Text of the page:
Rabbi Azariah and Rabbi Acha said in the name of Rabbi Yochanan: When, at Mount Sinai, the Israelites heard the word “Anochi” (“I” — the first word of “The Ten Words”), their souls left them, as it says [Devarim 5:22]: “If we hear the voice of God any more, we will die.” It is also written [Shir HaShirim 5:6]: “My soul departed when He spoke.” Then the Word went back to the Holy One blessed be He, and said, ”Lord of the Universe, You live eternally and Your Torah lives eternally, but You have sent me to the dead. They are all dead!” Thereupon, the Holy One blessed be He sweetened the Word for them….Rabbi Shimon bar Yochai taught: The Torah which God gave to Israel restored their souls to them, as it says [Tehillim 19:8]: “The Torah of the Lord is perfect, it restores the soul” (1).
It may perhaps be argued that this Midrash, like no other text, encapsulates the essence of Judaism and its dialectic nature. The tension between Jewish Law and the near hopelessness of man to live by it, survive it and simultaneously obey it with great fervor is at the very core of Judaism’s complexity.
The Divine Word is deadly and causes paralysis. The Word, wrought by fire in the upper world, is unmanageable and wreaks havoc once it descends. Its demands are not of this world; they belong to the angels. The Word therefore comes to naught once it enters the human sphere, since there is no one to receive it. All have died before the Word is able to pronounce its second word. How then can it delight the living soul?
The answer is: sweetness. It has to have grace and therefore must be put to music. The problem with the Word is that it carries the possibility of literal-mindedness (2) and takes the word for what it is, robbing it of its inner spiritual meaning. The language of faith employs only a few words in its own spirit. Most of its terms are borrowed from the world in which the Word creates physical images in the mind of man. But the Divine Word needs to be heard, not seen. To hear is to perceive what is beyond the utterance of the mouth. To live with the Word is to discover the ineffable and act on it through the direction of the Law. The mitzvot are founded on the appreciation of the unimaginable, but they become poison when performed only for the sake of the deed.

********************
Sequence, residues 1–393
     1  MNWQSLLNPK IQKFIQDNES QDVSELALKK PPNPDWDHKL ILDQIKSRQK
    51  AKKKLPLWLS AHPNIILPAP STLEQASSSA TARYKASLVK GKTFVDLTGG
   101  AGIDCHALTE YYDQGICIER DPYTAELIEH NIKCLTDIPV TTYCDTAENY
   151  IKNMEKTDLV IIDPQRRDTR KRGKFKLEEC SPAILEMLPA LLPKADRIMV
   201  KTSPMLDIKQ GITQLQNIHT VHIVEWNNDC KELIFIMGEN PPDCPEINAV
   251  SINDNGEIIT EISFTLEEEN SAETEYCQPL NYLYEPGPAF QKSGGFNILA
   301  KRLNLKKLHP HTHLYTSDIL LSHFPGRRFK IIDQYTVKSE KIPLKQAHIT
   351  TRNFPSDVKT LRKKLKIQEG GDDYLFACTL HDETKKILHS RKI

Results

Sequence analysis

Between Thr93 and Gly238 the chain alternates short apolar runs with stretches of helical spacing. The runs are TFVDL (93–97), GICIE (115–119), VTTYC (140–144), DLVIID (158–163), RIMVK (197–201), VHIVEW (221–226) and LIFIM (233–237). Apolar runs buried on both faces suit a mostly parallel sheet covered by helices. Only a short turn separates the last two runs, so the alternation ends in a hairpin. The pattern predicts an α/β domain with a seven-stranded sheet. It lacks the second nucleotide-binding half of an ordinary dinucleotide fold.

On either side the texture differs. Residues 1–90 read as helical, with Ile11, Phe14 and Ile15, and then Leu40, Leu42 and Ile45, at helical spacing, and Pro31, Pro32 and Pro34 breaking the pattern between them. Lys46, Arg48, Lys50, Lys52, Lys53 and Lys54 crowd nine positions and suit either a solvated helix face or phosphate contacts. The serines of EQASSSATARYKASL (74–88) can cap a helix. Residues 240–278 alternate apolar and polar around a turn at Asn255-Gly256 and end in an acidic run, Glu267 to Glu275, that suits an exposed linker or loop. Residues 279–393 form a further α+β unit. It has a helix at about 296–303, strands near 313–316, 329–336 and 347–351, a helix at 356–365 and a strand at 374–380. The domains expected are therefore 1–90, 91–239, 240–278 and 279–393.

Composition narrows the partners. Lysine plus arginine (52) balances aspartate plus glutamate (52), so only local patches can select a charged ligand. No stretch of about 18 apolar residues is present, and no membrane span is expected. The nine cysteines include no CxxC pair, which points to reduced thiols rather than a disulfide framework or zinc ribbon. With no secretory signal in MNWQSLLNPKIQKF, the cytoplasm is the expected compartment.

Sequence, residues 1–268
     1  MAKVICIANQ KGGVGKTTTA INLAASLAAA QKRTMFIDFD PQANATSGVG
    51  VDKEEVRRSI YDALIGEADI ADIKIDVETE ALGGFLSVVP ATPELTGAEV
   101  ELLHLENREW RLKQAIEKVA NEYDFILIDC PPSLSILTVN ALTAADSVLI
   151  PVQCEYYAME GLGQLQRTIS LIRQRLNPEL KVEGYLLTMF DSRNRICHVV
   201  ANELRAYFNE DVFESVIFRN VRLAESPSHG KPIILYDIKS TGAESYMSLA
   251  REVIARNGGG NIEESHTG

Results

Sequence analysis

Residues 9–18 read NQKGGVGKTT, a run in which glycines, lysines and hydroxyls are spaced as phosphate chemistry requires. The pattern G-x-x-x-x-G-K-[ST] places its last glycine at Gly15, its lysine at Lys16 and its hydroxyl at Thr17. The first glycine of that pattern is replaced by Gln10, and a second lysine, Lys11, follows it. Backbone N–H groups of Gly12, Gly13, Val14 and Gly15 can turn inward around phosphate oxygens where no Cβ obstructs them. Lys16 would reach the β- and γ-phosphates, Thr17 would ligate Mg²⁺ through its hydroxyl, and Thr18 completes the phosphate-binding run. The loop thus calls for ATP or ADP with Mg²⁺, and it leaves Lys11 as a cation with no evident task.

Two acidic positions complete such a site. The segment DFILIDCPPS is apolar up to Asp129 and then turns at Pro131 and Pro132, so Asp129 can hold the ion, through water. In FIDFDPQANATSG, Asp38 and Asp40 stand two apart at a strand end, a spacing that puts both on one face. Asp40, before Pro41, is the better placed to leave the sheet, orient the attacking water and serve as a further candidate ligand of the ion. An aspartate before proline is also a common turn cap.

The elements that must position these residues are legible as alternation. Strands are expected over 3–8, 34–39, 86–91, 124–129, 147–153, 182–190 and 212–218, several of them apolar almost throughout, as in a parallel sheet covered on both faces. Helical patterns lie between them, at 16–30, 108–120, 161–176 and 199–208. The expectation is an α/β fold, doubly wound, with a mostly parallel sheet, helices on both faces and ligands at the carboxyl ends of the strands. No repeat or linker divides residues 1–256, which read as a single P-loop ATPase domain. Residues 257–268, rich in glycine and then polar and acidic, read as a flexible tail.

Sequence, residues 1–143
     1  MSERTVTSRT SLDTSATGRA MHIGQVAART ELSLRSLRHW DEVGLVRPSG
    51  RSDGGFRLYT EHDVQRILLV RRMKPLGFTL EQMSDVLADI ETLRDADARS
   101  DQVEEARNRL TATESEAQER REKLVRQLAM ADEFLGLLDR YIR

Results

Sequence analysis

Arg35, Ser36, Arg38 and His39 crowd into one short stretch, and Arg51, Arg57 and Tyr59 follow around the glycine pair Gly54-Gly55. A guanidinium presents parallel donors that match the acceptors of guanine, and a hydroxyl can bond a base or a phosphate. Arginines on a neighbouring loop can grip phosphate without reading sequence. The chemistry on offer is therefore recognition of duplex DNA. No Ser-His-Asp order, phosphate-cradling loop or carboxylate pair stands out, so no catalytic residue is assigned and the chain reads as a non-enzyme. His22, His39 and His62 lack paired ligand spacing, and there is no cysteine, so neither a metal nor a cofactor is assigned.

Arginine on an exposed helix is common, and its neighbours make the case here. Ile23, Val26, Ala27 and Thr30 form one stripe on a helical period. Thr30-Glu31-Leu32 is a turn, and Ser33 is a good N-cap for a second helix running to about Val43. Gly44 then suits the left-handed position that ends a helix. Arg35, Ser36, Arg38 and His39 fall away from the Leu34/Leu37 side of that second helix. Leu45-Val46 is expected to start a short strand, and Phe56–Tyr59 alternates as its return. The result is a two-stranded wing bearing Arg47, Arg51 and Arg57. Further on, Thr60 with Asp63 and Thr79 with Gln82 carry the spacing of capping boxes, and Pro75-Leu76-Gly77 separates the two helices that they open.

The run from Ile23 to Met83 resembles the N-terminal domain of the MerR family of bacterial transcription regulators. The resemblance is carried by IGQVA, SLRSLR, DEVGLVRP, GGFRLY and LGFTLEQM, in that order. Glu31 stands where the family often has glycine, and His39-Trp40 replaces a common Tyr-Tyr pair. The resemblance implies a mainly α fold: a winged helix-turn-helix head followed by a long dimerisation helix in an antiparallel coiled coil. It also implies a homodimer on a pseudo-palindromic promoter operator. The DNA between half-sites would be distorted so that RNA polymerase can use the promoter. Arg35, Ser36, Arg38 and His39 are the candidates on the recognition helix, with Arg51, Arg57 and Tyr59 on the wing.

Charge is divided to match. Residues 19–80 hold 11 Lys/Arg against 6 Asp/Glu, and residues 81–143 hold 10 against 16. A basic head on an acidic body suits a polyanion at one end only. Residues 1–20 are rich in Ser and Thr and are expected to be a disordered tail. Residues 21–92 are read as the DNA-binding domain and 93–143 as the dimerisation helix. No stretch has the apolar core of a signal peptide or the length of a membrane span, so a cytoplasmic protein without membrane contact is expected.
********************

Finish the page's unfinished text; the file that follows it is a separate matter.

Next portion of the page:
Rabbi Shefatia said in the name of Rabbi Yochanan: If one reads the Torah without a melody, or repeats the Mishnah without a tune, of him Scripture says [Yechezkel 20:25]: “So, too, I gave them statutes that were not good and laws by which they could not live” (3).
Death refers also to those who do mitzvot in an improper manner. The full impact of Torah and mitzvot comes only when, while performing them, one realizes their great value and gives them their proper due honor.
The function of music is to connect the Word with Heaven. It is not so much the music that man plays on an instrument or sings, but the music of his soul, which is externalized through the use of an instrument or song. It leads man to the edge of the infinite and allows him to gaze, just for a few moments, into the Other. Music is the art of word exegesis. While a word on its own is dead, it is resurrected when touched by music. Music is the refutation of human finality. As such, it is the sweetness that God added to His Word when the Word alone was wreaking havoc. It is able to revive man when he dies as he is confronted with the bare Word at Sinai. Life without music is death—poignantly bitter when one realizes that one has never really lived.
There is little meaning in living by Halacha if one does not hear its grace. It is not a life of Halachic observance that we need, but a life of Halachic living. Observance does not propel man to a level of existence where he realizes that there is more to life than the mind can grasp.
Jewish education has often been founded on the Word before it turned to God to be sweetened. As a result, there are many casualties and a large part of our nation has been paralyzed.
It is the great task of Jewish educators and thinkers to send the Word back to God and ask Him to teach them how to sweeten it.
1. Shir HaShirim Rabbah, V, 16, iii.
2. Avraham Joshua Heschel, God in Search of Man: A Philosophy of Judaism (New York, NY: Farrar, Straus and Giroux, 1976) p. 179.
3. Megillah 32a.